NF principal addresses internet safety
We are continuing work on implementing more technology in the classrooms. Teachers are finding innovative ways to engage students in lessons with technology to target specific skill building and to improve reading and math abilities within our students. Many of our students are creating an online presence through projects, writing and other skill builder activities. This is a continual process that changes as new technologies and innovations are shared collectively. Having so much access to technology is a great benefit for every student who attends Newell-Fonda.
Although this technology is such a major part of our learning, I also want to take a few moments and talk about internet safety. As the world of social networking and online opportunities are a larger part of the overall learning experience we all have a responsibility in training our students how to be responsible with this medium. Some things that each of us can do to help our students be more responsible. 1). Limit the information that children put on social networking sites. We have to be aware of predators that target children. 2). Make sure that students are supervised at home while on their computers, phones or other connected devices. We are seeing an increase in the amount of cyber-bullying, and inappropriate content on social networking sites. 3). As a parent you have the right and the authority to limit the amount of time students spend on technology. School work should always come first, and if your student is spending large amounts of time on social media or gaming sites it is ok for you to tell them to take a break. 4). Be aware of what is going on with your child. It is your right and responsibility to know who your child is communicating with and to know what content they are communicating to their peers. Students are responsible for the information and content that they put out there. 5). Pay attention to your childís mood or behavior changes as these could be warning signs of your child being exposed to mean behavior or that they may spending too much time in questionable areas that may not be in their best interest.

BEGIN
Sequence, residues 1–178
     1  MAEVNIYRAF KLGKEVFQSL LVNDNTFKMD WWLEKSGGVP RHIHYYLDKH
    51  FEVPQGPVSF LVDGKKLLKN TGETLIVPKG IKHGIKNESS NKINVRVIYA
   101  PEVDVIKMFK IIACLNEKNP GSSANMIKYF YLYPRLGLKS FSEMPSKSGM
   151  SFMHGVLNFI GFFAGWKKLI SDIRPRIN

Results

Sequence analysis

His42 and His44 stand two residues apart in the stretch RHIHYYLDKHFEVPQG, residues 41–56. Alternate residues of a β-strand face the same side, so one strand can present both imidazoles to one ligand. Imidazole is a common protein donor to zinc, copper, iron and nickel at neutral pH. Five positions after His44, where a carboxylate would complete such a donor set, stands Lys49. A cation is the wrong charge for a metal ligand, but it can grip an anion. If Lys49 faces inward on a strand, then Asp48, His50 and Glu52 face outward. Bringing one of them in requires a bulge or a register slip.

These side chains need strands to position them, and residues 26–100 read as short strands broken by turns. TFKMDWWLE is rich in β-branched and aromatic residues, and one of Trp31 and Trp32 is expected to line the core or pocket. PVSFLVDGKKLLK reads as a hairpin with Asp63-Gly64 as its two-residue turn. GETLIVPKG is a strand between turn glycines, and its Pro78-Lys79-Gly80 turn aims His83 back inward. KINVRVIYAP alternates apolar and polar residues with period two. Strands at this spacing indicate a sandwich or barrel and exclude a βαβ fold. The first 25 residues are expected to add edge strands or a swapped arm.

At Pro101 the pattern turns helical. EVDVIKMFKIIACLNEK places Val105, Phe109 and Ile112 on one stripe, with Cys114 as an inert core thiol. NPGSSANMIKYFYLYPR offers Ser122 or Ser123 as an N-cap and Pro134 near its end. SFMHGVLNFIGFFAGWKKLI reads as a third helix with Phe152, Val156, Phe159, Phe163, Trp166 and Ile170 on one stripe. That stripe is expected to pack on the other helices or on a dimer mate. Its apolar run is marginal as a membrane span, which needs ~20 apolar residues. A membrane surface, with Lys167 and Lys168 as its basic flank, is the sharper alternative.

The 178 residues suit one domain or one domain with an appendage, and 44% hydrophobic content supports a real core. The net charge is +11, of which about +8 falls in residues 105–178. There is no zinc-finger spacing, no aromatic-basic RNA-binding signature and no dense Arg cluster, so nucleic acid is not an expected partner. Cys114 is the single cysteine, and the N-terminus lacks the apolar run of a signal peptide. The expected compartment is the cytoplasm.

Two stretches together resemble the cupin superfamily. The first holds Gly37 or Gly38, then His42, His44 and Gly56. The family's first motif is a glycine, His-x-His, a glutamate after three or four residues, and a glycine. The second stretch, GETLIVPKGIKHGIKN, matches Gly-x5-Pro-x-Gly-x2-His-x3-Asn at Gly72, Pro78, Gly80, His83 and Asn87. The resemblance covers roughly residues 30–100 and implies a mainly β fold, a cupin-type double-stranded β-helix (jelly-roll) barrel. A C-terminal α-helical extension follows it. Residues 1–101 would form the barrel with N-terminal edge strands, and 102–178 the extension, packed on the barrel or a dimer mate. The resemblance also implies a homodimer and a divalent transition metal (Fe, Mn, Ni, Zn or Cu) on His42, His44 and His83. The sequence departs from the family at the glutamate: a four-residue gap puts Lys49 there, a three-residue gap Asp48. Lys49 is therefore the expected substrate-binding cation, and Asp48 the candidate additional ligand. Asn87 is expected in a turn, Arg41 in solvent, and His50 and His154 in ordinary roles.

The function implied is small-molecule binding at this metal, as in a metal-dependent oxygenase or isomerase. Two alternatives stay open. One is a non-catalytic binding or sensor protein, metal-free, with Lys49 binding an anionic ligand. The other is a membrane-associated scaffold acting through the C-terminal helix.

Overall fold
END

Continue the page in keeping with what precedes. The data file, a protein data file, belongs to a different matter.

Jungerís comments originally appeared in the Newell-Fonda newsletter for January 2019.